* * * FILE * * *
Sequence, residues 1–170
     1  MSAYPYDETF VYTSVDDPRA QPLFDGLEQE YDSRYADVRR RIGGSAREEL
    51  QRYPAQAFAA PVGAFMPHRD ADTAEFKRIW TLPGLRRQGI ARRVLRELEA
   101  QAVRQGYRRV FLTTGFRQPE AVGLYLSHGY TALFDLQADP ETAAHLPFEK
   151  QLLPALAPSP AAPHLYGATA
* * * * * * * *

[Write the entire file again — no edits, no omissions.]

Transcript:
Sequence, residues 1–170
     1  MSAYPYDETF VYTSVDDPRA QPLFDGLEQE YDSRYADVRR RIGGSAREEL
    51  QRYPAQAFAA PVGAFMPHRD ADTAEFKRIW TLPGLRRQGI ARRVLRELEA
   101  QAVRQGYRRV FLTTGFRQPE AVGLYLSHGY TALFDLQADP ETAAHLPFEK
   151  QLLPALAPSP AAPHLYGATA